Advanced modifications – We’ve seen a lot of success with a very small weight like a 1/8-ounce bullet sinker and small plastics. It’s a finesse Carolina rig that can be fished on top of grass and through snag-prone cover more effectively. Smaller finesse worms, French fries and even soft jerkbaits are extremely effective on this rig. And using a split shot with a small plastic and no swivel can be great tool in ultra clear water.

3. The Drop Shot Rig


The Basics – The drop shot rig presents the bait in a horizontal fashion up off the bottom but is a tremendously effective way to fish vertically. In contrast to the Carolina rig, the weight is at the bottom, and the hook is up the line anywhere from a few inches to several feet. With this rig, you can use the weight to hold your bait in one place and fish it up and down, shaking it and enticing fish to come in and take a bite.

To rig it you start by tying a standard knot to the hook but making sure to leave a long tag end from 6 inches to several feet in length depending on how high off the bottom you want to fish the bait. After you tie your knot, take that tag end and run it through the eyelet from the side the hook point is on. This will cause the hook to kick out with the hook point upward. Then Texas rig your worm onto the hook or if you prefer a small drop shot hook, just nose hook the worm just over the point.

At the bottom of your tag end, attach a drop-shot weight or a bell sinker. We like an Eco Pro Tungsten Pro dropshot weight and a VMC Spin Shot drop shot hook for our rigs.

You can fish it vertically in cover or make casts to deep structure and work it back slowly like a texas rig until you contact a piece of cover. Then stop and work it up and down trying to just move the slack and not move your sinker at all. As you put slack in the line the worm will fall. As you pull the line tight the worm will rise in the water column.

Advanced modifications – Using a small No.1 or 1/0 worm hook and texas rigging the worm can be very effective for fishing around standing timber and brush piles. Nose hooking on small finesse and drop shot hooks can be effective for open water. And we’ve found that wacky rigging the worm on the drop shoot hook is also effective for catching finicky bass.

We’ve also heard of anglers attaching a jig as the bottom weight to give the fish two different baits to look at.

4. The Wacky Rig


The Basics – The wacky rig offers anglers a very natural looking profile to a bait that sits horizontal in the water but falls slowly vertically and can be fished in one spot very well. It can be a weightless rig or have a ring weights or belly weights like the Eco Pro Tungsten Wacky Rig weight added to it to get it down in deeper water faster.

This is probably the easiest of the rigs to tie. Tie a hook to your line with your favorite knot and then fold the worm in half and pierce the worm through the middle. Then after you cast, let it fall and give it a few slight twitches, then let it fall and twitch it some more. It looks like a real earthworm writhing through the water column.

This is a great technique in clear water. The fish need to be able to see the worm but it looks very lifelike. You can fish it around floating cover like docks or around bedding bass or bass relating to vertical structures. It’s hard to fish it over large horizontal areas because it works so slowly.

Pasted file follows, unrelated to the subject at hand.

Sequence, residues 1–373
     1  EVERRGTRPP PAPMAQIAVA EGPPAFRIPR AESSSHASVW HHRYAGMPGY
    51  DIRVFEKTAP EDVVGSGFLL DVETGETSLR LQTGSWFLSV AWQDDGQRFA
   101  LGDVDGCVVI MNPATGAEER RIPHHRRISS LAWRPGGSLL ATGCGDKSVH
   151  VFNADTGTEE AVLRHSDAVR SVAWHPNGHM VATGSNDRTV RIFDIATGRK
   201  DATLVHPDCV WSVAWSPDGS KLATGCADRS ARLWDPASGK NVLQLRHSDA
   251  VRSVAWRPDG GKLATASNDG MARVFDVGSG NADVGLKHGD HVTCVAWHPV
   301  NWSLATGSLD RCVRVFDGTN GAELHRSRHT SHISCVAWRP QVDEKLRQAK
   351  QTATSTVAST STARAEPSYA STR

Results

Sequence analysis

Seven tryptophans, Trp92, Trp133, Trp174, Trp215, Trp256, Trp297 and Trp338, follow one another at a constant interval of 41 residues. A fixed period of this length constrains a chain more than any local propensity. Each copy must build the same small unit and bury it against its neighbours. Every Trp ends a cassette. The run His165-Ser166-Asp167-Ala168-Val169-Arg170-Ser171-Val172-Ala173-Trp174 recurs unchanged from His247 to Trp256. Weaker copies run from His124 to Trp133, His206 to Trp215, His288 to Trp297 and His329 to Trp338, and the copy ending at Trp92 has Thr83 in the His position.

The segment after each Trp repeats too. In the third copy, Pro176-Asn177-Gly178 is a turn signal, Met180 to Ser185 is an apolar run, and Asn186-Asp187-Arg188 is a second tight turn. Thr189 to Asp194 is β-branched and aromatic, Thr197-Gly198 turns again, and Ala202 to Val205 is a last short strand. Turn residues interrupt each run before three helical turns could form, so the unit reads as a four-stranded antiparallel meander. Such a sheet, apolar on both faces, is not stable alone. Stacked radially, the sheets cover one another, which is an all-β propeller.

Advanced modifications – Lots of anglers like to use O-rings to keep the bait on the hook. We actually prefer split rings sized to the size of the worm we’re using. A No. 6 or No 4 works for a lot of the baits we fish like a Zoom Trick Worm and a Yamamoto Senko. It’s as effective on a drop shot as it is rigged weightless.

5. The Neko Rig


The Basics – Really we consider this rig probably 4b as it starts as a wacky rig. But truth be told it’s the exact opposite of a wacky rig because of how the worm is displayed to the fish. Where a drop shot is a horizontal presentation mostly fished vertically, the Neko rig is a vertical presentation fished horizontally.

To tie the rig, tie your hook to the end of your line. Then pierce the worm through the middle just like a wacky rig. Now insert a lead nail weight or nail into the tail of the worm. As you fish the worm, it will stand on end but as you twitch it, the worm will pull horizontally twitching forward while standing up vertically off the bottom. A very unique presentation for a soft plastic.

Advanced modifications – Several great insert weights exist now for rigging this way. There are ball weights that insert into the tail, giving the appearance of a shaky head that you can move from the middle of the worm instead of the head of the worm. Split rings can keep the worm attached to the hook while fighting fish. Just slide the split ring over the worm to the middle and then run the hook point into the worm under the split ring to hold it in place.

These presentations give you five great ways to tempt fish with soft plastics. With weights, without weights and combined together, you can make a lot presentations to the fish until you find the one that most appeals to the bass on that particular day the next time you’re out bass fishing on your favorite fishery.

Top 5 Tackle Grab Baits of 2014

By: Tim Hine

Reaction Strike – Revolution Frog


Everyone likes to frog fish and the Revolution Frog found in July’s Tackle Grab box came just in time for some summer time top water fun.

At 1 ¾” this frog can be fished around ponds or larger bodies of water. Regardless of where you are fishing, the Rev Frog will definitely catch you fish.

In most cases you will want to pair up a top water frog with a heavy action rod and heavy braid. Seeing as this frog is smaller and lighter than usual, we recommend fishing this frog on a 7’ – 7’3 medium heavy to heavy action rod with 30-50lb braid. Now, your equipment selection will really depend on how thick the cover is you are fishing, but if you down size your equipment slightly you will increase the casting distance and reach more potential fish.